The majority of individuals experiencing homelessness in the Cochrane district are Indigenous, says a local homelessness advocate.
At the Cochrane District Social Services Administration Board (CDSSAB) meeting last month, Iain De Jong was back to talk to members. He’s the president of OrgCode Consulting Inc., a company that works with a variety of organizations to prevent, reduce and end homelessness.
De Jong is also the former manager of Streets to Homes in Toronto, which provides street outreach and housing-related follow-up support to help people who are experiencing homelessness and sleeping outdoors to find and keeping housing.
In 2021, the CDSSAB hired De Jong to help develop its plan to end homelessness by 2025.
His report — An Updated Plan and Investment Strategy for Homelessness Prevention Program Funding in the Cochrane DSSAB — was recently released and includes six recommendations for the board to consider.
They include supportive housing; a service hub with food, hygiene facilities and service navigators; housing loss prevention; a paramedic integrated with street outreach, shelter and housing support services; transitional housing; and Indigenous-led scattered site follow-up support and reunification services.
The recommendations come with a big price tag.
The initiatives add up to a total of more than $11 million over the three years, not including ongoing annual funding or recommendations beyond the plan’s term. None of the suggestions have been approved.
Releasing a three-year path to end homelessness by 2025 now, in 2023, puts the end date beyond the original target, which the CDSSAB has been touting for years.
In an interview with TimminsToday, CDSSAB communications manager Cameron Grant said it’s important to note that when they say ending homelessness, they mean to make homelessness extremely rare.
“And should it occur, that it happens at a very short period of time,” he said.
CDSSAB serves Timmins, Iroquois Falls, Cochrane, Moosonee, Matheson, Smooth Rock Falls, Kapuskasing and Hearst.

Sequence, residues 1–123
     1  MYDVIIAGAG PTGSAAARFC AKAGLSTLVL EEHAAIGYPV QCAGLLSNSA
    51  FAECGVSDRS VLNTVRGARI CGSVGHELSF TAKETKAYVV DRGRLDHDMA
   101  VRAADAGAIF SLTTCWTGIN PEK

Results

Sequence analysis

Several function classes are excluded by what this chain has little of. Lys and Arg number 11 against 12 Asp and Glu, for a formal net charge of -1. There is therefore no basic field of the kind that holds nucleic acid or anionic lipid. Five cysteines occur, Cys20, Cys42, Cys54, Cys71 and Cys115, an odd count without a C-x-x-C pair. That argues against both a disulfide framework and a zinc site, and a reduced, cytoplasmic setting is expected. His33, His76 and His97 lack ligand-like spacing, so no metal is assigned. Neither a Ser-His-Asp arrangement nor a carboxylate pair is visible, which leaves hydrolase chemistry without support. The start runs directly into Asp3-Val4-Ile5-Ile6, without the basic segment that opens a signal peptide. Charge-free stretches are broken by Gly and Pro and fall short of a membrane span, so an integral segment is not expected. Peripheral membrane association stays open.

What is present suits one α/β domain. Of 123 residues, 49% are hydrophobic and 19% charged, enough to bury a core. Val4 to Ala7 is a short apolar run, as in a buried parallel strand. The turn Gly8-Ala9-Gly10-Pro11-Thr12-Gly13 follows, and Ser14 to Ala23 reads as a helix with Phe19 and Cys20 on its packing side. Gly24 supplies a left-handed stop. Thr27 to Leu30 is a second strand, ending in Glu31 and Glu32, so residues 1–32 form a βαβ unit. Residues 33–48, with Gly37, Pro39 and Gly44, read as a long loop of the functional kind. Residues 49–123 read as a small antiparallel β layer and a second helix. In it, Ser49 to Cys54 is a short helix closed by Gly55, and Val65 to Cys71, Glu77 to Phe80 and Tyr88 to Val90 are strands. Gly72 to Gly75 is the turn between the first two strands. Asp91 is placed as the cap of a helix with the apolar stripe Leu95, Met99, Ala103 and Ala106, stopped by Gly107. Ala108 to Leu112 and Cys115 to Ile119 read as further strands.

It’s one of 47 service managers in Ontario administering provincial funding targeted to prevent and end homelessness.
CDSSAB has received a boost in funding from the provincial government for the Homelessness Prevention Program (HPP), going from $2 million per year to $6 million per year.
According to De Jong, 78 per cent of households experiencing homelessness that want help with housing and support are moderate or high acuity. The average market rent for a one-bedroom apartment unit in Timmins is $942, which is up 23 per cent from five years ago when the average was $769. He said the monthly average of Ontario Works cases is almost $1,800.
Four out of five people currently experiencing homelessness in the region identify as Indigenous. Of the people experiencing chronic homelessness on the by-name list, 76 per cent identify as Indigenous.
The plan would include culturally appropriate support services for people exiting homelessness, along with services that can help people reunite with family or friends in other communities when it’s safe and appropriate to do so.
Grant said this recommendation is their number one priority.
He said it would involve connecting elders, knowledge keepers, medicine people, as well as land-based teachings and cultural practices, as well as access to counselling to help through present-day and historic traumas.